SQL gurus: question on transactions

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Thread: SQL gurus: question on transactions

  1. #1
    Join Date
    Dec 1969

    Default SQL gurus: question on transactions

    You can have a stored procedure that is just a list of sql statements:<BR><BR>SELECT * FROM mytable<BR>UPDATE mytable SET firstfield=1<BR><BR>Or you can wrap your SQL statements in a "transaction", allowing for error trapping within the SP.<BR><BR>BEGIN TRAN mystoredprocedure<BR>SELECT * FROM mytable<BR>UPDATE mytable SET firstfield=1<BR>IF @@ERROR != 0<BR> BEGIN<BR> --rollback the transaction!<BR> ROLLBACK TRAN mystoredprocedure<BR> --return error code<BR> SELECT 1 AS &#039;errorcode&#039;<BR> RETURN<BR> END<BR>COMMIT TRAN mystoredprocedure<BR><BR>I&#039;ve been getting deadlocks. Is it possible that my deadlocks are happending because I wrapped my statements in a transactions. I&#039;m not an expert at this, I just did it because I copied some code from a tutorial.<BR><BR>Thanks for the help.

  2. #2
    Join Date
    Dec 1969

    Default One question...

    When you do a "Select * from...", you are locking all those rows. So if someone hits the same stored proc in the meantime he will face a deadlock. You are doing a Pessimistic locking here.<BR><BR>Why not remove the remove the SELECT statement and just have the update which would is a optimistic locking and will not lock the table for long(may be a few seconds depening on the number of rows.)<BR>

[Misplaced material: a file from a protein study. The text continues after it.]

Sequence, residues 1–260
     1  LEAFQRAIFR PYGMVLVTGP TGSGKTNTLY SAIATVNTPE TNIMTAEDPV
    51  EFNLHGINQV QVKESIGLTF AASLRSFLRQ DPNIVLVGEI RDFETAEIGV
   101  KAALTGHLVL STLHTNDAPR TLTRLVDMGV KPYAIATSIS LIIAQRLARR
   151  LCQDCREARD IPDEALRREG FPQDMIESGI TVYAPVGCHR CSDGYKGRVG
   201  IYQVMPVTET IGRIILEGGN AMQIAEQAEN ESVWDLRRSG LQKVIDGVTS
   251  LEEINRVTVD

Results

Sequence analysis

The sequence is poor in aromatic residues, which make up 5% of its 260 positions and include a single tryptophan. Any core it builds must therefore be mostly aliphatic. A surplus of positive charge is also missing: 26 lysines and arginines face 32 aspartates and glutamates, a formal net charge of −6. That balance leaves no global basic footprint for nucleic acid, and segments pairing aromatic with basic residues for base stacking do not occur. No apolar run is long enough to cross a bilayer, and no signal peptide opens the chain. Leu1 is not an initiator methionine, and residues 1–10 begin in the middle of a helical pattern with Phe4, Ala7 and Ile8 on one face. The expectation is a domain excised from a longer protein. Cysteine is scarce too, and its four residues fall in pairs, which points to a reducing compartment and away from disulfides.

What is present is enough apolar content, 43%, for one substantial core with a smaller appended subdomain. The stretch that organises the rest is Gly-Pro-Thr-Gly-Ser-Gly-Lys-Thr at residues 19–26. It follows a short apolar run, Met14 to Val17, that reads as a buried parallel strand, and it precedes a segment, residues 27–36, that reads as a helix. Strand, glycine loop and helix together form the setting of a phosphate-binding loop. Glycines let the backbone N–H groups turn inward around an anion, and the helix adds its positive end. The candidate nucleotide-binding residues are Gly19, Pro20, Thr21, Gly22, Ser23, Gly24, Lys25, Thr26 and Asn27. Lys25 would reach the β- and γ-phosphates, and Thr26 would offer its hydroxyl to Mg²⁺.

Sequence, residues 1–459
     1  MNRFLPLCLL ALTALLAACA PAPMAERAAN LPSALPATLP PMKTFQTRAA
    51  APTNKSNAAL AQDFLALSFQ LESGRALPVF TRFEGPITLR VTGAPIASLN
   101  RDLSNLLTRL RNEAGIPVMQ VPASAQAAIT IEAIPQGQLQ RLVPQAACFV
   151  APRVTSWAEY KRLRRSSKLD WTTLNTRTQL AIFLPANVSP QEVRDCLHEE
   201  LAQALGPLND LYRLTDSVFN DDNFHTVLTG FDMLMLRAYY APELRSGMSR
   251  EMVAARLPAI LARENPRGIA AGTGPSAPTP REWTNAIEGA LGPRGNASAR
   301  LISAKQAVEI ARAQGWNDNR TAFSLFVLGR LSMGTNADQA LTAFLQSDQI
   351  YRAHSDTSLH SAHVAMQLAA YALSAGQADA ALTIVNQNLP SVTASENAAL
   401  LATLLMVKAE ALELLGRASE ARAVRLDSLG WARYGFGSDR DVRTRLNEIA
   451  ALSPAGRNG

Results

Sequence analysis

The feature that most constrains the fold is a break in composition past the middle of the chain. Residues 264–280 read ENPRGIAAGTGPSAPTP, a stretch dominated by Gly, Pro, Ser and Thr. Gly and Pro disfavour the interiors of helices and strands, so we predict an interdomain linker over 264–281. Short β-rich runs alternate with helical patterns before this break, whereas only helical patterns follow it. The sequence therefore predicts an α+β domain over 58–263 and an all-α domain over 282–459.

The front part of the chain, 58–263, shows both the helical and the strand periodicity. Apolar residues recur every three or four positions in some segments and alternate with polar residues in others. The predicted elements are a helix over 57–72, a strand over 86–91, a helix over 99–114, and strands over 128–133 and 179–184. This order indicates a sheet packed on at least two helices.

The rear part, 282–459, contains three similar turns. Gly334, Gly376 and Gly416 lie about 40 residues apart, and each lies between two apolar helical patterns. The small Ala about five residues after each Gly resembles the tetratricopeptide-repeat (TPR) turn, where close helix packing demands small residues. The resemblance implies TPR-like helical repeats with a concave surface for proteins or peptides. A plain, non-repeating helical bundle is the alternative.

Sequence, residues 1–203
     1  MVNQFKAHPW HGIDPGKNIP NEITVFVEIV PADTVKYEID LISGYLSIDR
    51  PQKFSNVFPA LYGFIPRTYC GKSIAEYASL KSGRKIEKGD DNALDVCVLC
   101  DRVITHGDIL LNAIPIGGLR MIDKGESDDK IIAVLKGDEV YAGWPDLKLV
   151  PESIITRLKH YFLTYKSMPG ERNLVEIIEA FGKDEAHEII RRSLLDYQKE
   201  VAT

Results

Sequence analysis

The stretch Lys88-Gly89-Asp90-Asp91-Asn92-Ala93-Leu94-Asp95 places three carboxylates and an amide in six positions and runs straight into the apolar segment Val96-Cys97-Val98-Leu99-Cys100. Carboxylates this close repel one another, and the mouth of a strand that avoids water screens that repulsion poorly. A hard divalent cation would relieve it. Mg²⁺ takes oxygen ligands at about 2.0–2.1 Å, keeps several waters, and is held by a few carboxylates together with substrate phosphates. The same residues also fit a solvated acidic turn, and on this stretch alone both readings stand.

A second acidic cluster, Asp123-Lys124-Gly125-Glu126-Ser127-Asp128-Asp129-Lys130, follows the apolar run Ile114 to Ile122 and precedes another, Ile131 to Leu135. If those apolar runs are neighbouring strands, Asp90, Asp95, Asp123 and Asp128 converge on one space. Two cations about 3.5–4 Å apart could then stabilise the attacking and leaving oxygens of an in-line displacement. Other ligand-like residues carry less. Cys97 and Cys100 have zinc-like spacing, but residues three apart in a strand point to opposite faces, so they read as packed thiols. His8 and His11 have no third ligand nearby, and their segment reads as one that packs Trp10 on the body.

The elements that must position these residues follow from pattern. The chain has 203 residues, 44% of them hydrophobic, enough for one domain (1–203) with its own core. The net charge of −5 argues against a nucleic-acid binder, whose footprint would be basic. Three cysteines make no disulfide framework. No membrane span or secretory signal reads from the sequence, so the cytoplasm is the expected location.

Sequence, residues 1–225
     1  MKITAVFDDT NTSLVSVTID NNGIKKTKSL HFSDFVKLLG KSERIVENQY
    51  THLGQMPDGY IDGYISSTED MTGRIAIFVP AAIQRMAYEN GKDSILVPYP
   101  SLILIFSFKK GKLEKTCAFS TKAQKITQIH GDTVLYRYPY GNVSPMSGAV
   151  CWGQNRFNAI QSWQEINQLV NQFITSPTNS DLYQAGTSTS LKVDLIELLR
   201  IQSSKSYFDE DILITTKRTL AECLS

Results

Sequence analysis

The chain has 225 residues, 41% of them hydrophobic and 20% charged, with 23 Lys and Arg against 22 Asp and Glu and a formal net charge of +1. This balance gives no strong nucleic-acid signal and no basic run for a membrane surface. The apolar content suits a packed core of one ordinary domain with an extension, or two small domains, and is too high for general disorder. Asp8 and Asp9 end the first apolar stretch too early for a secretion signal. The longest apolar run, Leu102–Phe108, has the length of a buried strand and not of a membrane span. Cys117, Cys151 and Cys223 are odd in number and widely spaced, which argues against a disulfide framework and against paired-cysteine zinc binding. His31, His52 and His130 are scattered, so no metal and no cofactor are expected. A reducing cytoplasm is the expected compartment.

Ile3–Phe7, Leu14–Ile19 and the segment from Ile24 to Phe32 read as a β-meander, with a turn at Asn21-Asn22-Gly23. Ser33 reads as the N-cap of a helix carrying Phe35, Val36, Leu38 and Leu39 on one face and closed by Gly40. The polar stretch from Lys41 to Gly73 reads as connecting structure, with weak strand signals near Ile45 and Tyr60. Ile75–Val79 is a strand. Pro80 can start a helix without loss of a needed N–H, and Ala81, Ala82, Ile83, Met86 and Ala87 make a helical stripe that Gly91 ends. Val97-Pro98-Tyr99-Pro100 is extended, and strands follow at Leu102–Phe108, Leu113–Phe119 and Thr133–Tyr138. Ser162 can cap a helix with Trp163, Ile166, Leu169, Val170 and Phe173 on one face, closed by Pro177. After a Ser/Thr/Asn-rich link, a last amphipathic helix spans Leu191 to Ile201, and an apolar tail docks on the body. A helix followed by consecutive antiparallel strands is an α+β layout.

3. #3
    Join Date
    Dec 1969

    Default Yep

    this can cause a lot of deadlocks.<BR><BR>When you start a transaction, a &#039;page&#039; or row is locked. <BR><BR>In this case, it&#039;s not nessecary to use a transaction. You only use transactions if you need multiple statements to either all succeed or all rolled back. So you don&#039;t need it in the above scenario.<BR>

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